50,000 words in one month. I used to participate in NaNoWriMo every year, preparing for weeks beforehand so I could start writing diligently on November 1. It’s been several years, but I decided this was the year to start again. I knew it would be difficult. I don’t have a lot of time to write during the day, and by five o’clock I don’t want to stare at the computer anymore. But I can easily crank out the required 1,667 words a day. I’ve done a lot more than that before.
I haven’t written anything lately, so I started easy. Instead of fiction, I’d get the writing gears going with a little memoir. I would map out my story of faith, the journey that brought me to the Church. It would be nothing like a final draft—in anything, my first drafts are more like outlines as I figure out where to go. It was fun for a couple weeks. I revisited the church of my childhood and all those pastors I’d connected with. I broke out my journal from Israel, comparing the entries against the photo album (and getting sidetracked flipping through the pictures). But when I got to the actual meat of the story, I… couldn’t do it. 14,000 words in, and I was home from Israel, basking in the light of my Holy Land journey. But I couldn’t remember what ultimately brought me to leave the church—and the people—I’d connected with.
My conversion story was harder to face than I thought it would be. When I think back, I remember feeling frustrated by what was being preached. I remember searching the Internet and asking vague questions so no one knew I was questioning. I remember when I stopped tithing. But I don’t remember why. I don’t remember what ultimately pushed me out.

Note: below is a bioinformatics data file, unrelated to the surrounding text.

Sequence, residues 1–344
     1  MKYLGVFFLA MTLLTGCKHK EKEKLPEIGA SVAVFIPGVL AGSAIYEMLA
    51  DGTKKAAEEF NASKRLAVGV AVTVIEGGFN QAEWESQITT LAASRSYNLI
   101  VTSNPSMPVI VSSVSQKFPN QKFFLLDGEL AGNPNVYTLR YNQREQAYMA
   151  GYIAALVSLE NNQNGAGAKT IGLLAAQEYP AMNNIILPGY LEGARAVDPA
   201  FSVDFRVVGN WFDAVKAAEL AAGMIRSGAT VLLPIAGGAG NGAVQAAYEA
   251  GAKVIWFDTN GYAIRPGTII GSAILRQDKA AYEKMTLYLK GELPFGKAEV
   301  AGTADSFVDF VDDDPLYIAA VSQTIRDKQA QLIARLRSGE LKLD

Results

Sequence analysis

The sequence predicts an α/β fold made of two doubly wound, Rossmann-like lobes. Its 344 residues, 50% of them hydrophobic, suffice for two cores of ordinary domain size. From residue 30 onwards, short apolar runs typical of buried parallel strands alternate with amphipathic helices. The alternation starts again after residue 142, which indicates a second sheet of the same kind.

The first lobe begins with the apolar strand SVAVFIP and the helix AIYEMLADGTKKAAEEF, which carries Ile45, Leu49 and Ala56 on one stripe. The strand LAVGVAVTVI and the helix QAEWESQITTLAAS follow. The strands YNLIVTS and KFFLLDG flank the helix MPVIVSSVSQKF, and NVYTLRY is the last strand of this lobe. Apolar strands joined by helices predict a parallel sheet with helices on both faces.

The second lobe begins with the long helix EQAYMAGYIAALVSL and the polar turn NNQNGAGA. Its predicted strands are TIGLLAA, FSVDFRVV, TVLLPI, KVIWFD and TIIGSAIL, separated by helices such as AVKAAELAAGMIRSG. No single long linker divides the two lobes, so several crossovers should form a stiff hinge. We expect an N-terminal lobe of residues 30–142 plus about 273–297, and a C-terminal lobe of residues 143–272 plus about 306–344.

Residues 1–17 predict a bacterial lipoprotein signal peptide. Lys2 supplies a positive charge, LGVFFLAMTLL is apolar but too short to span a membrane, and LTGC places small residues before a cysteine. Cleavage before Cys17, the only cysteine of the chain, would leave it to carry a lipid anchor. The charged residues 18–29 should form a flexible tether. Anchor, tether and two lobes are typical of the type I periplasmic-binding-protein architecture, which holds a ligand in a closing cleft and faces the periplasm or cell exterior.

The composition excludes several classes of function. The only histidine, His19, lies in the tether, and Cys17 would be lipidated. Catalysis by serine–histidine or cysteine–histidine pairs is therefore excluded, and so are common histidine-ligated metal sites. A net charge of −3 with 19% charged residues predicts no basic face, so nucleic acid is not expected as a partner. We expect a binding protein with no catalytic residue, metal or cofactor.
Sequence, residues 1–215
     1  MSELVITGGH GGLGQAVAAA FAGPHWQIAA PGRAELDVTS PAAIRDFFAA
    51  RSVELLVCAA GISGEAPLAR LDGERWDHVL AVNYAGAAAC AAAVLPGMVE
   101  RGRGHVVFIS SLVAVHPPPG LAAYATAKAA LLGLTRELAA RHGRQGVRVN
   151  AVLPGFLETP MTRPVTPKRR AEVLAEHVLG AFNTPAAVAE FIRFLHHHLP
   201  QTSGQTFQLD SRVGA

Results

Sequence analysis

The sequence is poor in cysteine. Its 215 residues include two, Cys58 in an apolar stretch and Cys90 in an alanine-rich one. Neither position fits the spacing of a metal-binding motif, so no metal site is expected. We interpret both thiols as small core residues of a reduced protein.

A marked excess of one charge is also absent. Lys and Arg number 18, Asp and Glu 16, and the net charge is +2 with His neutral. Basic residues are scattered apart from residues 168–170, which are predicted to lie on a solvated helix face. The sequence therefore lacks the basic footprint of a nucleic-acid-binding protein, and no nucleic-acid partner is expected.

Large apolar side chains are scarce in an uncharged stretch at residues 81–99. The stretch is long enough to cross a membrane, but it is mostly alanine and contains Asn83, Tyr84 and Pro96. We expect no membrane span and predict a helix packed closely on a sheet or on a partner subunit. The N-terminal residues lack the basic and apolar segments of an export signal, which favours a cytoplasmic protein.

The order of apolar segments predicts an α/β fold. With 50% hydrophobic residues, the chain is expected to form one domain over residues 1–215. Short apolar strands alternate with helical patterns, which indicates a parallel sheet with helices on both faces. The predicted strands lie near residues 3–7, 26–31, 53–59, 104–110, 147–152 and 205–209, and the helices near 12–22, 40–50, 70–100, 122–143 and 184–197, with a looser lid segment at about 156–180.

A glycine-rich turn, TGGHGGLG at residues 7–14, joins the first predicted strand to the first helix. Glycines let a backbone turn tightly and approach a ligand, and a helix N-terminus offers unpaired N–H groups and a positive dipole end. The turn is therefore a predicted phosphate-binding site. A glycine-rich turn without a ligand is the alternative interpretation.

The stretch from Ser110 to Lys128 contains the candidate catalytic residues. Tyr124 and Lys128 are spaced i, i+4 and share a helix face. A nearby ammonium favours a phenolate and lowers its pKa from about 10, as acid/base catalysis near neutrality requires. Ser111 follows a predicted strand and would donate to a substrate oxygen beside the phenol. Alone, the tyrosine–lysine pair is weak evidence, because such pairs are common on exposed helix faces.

Maybe I’m not ready to face it. Though it was a weird and exciting time, it was also painful. I’d made church friends who’d be left behind; I made a new Catholic friend who ended up hurting me. I didn’t know who to talk to, or what to ask. There was a week that I didn’t know the fate of my soul, because I didn’t know who was right. There’s a two-month memory gap between that Israel trip and my contemplating Catholicism.
But it is something I’d like to remember, one day. What I thought would be an easy writing project dredged up all this stuff. I wish I’d started my journal earlier. I wish I’d updated social media, or talked to friends, or did anything to chronicle that early journey. Even though those two months were obviously important, I may never remember the details. But I remember a lot from after that time, which is most memorable. I searched for the truth, read the books, and truly connected with God. That’s when my paper journal starts, and it’s really interesting to read it now.
When I sat in my first RCIA session, it wasn’t about Mary. Or the pope. Or relics. Or even the sacraments.
It was about Jesus.
—September 25, 2017
Those 14,000 words aren’t nothing, and I’ll hang onto them. It was fun to reminisce. But the rest of it is going to have to wait, I think.